Jenelle Manzi has trained her entire life to be a part of the world-renowned New York City Ballet, and while this highly disciplined career can be all consuming, she realized that her purpose has gone far beyond her identity as a ballet dancer. It lies in the art of inspiring and moving those lucky enough to see her perform the legendary works of George Balanchine. She’s also finding purpose outside of dance. Manzi spent eight years of her career dealing with various injuries and health issues, two of which she was entirely unable to dance. In that time she became fascinated with alternative healing methods. Reading about Chinese traditional medicine, Ayurvedic medicine, adaptogenic herbs and nutritional healing led her to a path of learning and healing of her mind and body. This mind-body awareness has become an essential part of her daily life and fuels her as a ballet dancer and beyond. A by-product of this journey was her newfound love of creating clean superfood recipes. Her dream is to inspire young ballerinas and athletes to embrace the holistic lifestyle and diet that she says saved her. “Maintaining wellness is crucial in my life, especially because a majority of my career is dependent on my mind and body. Over the years, I learned that in order for everything to function at its best, you need to understand that everything works together as a system. It’s ultimately about balance – I eat well, stay active, and listen intently to the signs that my body gives me. “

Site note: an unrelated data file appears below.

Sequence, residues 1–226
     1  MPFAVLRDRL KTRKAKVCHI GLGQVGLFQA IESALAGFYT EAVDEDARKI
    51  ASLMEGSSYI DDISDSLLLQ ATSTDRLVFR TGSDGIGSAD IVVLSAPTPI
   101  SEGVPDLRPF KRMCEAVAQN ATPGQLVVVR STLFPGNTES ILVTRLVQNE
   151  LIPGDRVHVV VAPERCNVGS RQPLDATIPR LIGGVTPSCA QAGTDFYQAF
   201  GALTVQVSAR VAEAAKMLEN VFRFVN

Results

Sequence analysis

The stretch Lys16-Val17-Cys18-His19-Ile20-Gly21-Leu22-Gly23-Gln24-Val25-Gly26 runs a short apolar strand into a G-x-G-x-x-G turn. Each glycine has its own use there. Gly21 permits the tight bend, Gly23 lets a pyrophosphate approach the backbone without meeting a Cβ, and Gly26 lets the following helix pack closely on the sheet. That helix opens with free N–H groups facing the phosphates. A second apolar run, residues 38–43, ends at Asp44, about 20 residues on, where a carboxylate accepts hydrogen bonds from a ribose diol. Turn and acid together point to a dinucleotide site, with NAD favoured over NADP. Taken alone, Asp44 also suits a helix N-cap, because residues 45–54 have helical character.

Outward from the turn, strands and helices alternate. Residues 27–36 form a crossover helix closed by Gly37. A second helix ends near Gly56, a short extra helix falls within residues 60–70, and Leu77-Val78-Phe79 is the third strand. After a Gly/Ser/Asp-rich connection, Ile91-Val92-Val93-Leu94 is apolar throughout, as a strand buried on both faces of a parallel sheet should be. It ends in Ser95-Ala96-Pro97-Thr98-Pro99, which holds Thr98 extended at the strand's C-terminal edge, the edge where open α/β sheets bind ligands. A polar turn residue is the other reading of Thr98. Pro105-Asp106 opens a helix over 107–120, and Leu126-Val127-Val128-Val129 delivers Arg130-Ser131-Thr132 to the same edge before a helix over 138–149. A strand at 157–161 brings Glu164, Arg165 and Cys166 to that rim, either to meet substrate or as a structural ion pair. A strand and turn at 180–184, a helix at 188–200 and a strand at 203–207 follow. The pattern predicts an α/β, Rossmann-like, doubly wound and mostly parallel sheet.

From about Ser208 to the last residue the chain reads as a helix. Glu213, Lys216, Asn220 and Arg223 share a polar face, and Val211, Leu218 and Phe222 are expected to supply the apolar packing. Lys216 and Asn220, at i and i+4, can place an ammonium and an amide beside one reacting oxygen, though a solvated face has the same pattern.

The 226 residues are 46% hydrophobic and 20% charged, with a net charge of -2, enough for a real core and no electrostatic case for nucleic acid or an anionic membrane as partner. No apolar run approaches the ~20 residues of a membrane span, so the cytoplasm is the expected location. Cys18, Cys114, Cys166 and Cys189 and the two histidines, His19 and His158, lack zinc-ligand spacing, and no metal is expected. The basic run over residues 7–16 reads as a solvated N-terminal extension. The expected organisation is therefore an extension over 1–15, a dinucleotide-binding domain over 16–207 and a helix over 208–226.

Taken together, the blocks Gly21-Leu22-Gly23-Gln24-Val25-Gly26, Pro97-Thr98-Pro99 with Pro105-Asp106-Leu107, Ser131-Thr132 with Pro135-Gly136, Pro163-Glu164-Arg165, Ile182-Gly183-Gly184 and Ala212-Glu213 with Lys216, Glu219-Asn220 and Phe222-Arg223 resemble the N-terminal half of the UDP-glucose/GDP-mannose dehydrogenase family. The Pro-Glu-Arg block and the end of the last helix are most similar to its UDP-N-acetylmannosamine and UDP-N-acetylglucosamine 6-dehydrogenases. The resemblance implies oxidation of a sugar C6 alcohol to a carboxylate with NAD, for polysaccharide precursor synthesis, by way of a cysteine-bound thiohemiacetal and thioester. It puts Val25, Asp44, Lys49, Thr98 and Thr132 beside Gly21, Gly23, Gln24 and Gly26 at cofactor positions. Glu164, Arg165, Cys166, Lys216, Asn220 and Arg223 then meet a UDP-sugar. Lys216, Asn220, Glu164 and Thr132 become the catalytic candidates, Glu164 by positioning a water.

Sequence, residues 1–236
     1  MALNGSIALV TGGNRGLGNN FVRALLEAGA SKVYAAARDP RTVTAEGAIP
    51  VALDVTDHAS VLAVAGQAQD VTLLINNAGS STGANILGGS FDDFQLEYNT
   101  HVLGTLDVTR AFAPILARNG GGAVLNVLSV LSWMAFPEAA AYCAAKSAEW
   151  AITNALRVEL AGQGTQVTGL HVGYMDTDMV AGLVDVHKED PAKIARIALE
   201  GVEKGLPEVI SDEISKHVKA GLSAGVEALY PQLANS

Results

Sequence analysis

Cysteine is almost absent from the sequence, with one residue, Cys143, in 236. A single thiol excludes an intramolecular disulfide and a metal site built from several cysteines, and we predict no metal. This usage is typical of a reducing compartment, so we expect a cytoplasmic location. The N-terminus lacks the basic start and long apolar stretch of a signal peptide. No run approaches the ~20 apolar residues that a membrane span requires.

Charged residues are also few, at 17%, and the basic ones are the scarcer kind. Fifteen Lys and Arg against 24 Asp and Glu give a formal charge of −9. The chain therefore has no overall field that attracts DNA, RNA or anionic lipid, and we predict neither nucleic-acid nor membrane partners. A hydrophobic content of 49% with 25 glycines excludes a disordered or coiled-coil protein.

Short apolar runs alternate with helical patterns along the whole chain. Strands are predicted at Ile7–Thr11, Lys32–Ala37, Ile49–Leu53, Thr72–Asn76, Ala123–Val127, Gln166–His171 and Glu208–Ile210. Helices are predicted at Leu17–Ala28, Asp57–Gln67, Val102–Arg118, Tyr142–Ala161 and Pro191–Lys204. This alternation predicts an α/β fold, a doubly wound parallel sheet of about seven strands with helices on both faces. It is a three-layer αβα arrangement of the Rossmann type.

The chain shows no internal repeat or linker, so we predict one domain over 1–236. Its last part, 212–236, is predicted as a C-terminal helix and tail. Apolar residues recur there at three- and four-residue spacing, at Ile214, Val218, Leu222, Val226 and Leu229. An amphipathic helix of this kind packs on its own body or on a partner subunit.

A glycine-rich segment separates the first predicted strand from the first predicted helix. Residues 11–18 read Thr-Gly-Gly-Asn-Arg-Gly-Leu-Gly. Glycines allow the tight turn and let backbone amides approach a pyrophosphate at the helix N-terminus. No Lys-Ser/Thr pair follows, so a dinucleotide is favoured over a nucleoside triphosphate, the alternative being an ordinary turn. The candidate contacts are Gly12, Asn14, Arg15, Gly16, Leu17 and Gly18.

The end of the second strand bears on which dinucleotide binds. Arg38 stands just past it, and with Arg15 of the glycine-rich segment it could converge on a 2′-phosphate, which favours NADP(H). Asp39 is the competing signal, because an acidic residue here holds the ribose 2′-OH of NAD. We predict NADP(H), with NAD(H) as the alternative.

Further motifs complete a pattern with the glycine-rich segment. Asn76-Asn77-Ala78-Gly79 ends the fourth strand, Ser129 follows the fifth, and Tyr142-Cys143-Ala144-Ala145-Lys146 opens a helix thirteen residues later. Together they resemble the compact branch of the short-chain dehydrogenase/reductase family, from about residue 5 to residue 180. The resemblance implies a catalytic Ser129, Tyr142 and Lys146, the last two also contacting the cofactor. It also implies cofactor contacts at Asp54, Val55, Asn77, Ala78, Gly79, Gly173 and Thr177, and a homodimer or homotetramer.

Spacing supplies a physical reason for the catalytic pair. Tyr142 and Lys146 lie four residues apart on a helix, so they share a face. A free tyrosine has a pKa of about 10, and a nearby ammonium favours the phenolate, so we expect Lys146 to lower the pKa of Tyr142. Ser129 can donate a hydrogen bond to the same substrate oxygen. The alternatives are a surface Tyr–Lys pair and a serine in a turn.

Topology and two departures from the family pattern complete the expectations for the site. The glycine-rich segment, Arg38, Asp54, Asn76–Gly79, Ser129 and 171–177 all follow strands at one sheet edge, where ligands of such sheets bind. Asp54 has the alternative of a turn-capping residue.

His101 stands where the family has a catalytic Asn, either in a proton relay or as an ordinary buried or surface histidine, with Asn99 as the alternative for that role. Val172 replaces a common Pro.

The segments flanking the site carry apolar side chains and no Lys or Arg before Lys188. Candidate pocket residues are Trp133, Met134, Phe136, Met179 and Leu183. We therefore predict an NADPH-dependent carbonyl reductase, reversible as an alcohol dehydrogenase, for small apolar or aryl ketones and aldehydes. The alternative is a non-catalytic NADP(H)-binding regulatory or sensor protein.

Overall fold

How do you marry your altruistic pursuits with the world of dance and performance – are they exclusive of each other?